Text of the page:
… Actually it was quite exciting; I refer instead to the mode of transport, which was bipedal in nature, and took me from Tuckton bridge to Hengistbury, through Wick fields, at the thoroughly unrespectable birding time of 8:15. A nice selection of summer migrants (and the resident Cetti’s warblers exploding away unseen in the undergrowth) kept me amused: Blackcap, Chiffchaff, Sedge Warbler and Whitethroat were all singing, and Sandwich terns screeched overhead.
Once I got to Hengistbury Head, I joined the CHOGers at the Coastguard Station, which turned out to be a good move, as I was there in time to see a male Hen Harrier heading high out to sea (presumably a New Forest or similar wintering bird on its way back to breeding grounds on the continent). Med Gulls were very much in evidence, mostly picked up by call, and all of them seemed to be paired up. The locals also gave me lots of tips about birding around Christchurch: lots to look forward to this summer, including Nightjars on my doorstep!
Of moderate interest on the walk back: a Jay flying over Wick fields, and Treecreeper in the woods by the Stour.
I arrived at this excellent site quite late (around 1510) as I’d earlier been at an orchestra rehearsal that didn’t happen in Charlton Marshall (I got the wrong date!). I parked in the car park by Tern Hide, where I found out from somebody where the Woodland hide was. The latter proved to give fantastically close views of masses of birds on feeders, including some very smart male Bramblings who were coming into breeding plumage, a few Siskins and Redpolls, a Marsh Tit, and also a Great Spotted Woodpecker and Nuthatch. Surprisingly all these were on seed feeders: they didn’t seem to have any peanuts.
I walked a bit further on to South Ivy hide, but there wasn’t much there, apart from a distant Jay. Further back at its counterpart North Ivy hide, there was a buzz since a Bittern was showing right in front, but unfortunately it was largely hidden. Luckily, somebody let me have a look through his scope before it vanished, although all I could see was its back!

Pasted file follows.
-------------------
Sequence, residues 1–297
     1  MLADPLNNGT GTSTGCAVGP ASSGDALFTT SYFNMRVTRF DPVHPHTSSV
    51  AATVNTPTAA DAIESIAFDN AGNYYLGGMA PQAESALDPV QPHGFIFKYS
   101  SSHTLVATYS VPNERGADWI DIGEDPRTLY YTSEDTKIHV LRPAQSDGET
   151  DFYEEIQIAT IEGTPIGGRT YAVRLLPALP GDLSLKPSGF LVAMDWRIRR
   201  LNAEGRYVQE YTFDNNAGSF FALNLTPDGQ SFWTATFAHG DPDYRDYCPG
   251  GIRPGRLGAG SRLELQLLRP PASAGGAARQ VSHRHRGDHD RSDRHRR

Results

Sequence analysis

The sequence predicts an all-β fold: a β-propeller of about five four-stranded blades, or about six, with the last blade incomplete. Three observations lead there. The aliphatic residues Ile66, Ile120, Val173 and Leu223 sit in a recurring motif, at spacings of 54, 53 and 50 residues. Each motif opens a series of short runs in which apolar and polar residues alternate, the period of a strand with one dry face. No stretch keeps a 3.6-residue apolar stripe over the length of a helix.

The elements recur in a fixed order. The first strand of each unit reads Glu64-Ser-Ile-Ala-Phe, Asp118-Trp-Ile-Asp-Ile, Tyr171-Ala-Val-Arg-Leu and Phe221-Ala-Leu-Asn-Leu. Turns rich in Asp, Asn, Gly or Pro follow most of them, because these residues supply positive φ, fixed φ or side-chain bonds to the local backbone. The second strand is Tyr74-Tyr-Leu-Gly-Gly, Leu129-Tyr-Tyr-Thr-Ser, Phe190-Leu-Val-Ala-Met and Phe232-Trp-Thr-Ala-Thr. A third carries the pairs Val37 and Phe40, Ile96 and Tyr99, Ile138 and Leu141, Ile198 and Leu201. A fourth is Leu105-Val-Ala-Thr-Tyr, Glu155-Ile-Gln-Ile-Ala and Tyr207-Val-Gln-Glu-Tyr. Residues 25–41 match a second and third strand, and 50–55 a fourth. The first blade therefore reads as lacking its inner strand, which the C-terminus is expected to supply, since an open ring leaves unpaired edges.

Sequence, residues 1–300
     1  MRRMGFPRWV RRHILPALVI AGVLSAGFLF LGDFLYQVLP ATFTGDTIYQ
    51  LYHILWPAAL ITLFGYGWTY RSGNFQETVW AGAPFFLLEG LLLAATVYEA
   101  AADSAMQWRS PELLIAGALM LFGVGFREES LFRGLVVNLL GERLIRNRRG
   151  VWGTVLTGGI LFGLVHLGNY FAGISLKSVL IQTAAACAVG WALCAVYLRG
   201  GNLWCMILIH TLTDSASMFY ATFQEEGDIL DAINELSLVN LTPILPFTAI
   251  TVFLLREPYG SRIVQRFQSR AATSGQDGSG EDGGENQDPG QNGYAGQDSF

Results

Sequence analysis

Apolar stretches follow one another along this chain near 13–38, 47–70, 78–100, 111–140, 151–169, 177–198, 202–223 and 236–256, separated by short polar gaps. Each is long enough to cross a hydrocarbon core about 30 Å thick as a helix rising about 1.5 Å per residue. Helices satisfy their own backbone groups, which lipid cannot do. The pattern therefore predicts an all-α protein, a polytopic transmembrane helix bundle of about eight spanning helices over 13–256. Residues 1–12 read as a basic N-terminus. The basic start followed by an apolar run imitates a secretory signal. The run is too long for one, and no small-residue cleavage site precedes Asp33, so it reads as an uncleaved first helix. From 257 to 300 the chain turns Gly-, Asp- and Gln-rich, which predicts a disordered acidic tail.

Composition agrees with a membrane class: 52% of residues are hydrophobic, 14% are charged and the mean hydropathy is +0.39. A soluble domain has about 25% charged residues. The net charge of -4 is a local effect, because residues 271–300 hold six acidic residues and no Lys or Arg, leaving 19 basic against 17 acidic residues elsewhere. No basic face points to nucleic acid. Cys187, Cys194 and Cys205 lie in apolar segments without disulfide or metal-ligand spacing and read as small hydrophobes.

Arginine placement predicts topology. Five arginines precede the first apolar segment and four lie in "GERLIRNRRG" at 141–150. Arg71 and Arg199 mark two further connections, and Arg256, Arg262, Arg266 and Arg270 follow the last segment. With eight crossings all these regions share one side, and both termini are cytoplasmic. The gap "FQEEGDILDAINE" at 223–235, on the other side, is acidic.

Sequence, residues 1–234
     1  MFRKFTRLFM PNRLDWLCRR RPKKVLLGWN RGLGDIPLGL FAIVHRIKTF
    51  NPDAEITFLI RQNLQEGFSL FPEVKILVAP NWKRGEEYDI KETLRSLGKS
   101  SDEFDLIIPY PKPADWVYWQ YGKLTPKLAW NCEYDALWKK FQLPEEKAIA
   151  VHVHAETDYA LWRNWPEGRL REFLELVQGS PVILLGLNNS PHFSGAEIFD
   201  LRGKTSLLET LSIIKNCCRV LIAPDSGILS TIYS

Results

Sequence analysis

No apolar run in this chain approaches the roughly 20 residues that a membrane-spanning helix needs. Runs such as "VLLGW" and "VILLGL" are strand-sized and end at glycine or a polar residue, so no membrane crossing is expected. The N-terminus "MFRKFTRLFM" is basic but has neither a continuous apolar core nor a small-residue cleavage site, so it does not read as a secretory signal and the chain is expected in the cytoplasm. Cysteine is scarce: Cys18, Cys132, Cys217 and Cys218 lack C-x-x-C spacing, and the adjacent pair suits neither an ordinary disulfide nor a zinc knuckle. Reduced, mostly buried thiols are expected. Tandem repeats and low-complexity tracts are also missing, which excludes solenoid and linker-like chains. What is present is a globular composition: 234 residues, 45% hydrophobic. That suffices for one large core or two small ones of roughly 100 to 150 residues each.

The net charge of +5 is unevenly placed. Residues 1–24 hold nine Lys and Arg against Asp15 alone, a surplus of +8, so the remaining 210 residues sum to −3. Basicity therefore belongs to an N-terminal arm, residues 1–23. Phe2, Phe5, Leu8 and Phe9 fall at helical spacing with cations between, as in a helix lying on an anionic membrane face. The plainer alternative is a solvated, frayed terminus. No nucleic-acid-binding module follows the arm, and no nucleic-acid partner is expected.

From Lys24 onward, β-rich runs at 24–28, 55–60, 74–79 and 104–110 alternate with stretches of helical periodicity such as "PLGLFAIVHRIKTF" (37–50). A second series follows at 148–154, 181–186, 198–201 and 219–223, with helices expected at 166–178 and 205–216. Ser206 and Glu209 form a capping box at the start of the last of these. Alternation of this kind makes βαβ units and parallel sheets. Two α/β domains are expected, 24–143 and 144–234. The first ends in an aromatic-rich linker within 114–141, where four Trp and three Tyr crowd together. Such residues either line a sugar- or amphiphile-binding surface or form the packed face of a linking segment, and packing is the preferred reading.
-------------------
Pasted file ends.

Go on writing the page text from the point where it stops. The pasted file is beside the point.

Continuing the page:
I had a brief look at Tern hide before leaving, where I also picked up where to find the Bewick’s swans (I hadn’t realised any penetrated this far south!): there were 3 a bit further up at Ibsey bridge, and showed well (or would have done if I’d had a scope, as it was I had to make do with binocular views!)
Apart from the insane number of dog walkers who’d decided that they really had to walk their dogs on a nature reserve, it was a great morning at Stanpit Marsh today. I arrived at about 10:30. After chatting to some regulars about the best spot to watch roosting waders, I was walking closer to the shore along a spit when the sound of pinging Bearded Tits rang through the air! I turned back towards the bridge next to one of the reedbeds, and surprisingly, despite the fairly brisk wind, I soon had fantastic views of a male in the reeds. It, and a female, flitted around for a bit before flying across the path to a pathetically small patch of reeds on the the other side, where I lost them. I heard them call once again after that, but couldn’t see them again.
Other highlights were a Med Gull located amongst the large number of BHGs on the marsh, a nice flock of 50 or so Dunlin, about 30 Black-tailed Godwits, and a Dartford Warbler which crept around in a gorse bush (I suppose I’ll get used to those soon, but at the moment they still seem very exotic!). The supporting cast were the usual Brent Geese, Little Egret, large flocks of Wigeon, a few Pintail, a small flock of Ringed Plover, and a Sparrowhawk which went over (possibly what got the Beardies pinging in the first place).
Not bad for a spot less than 3 miles from home!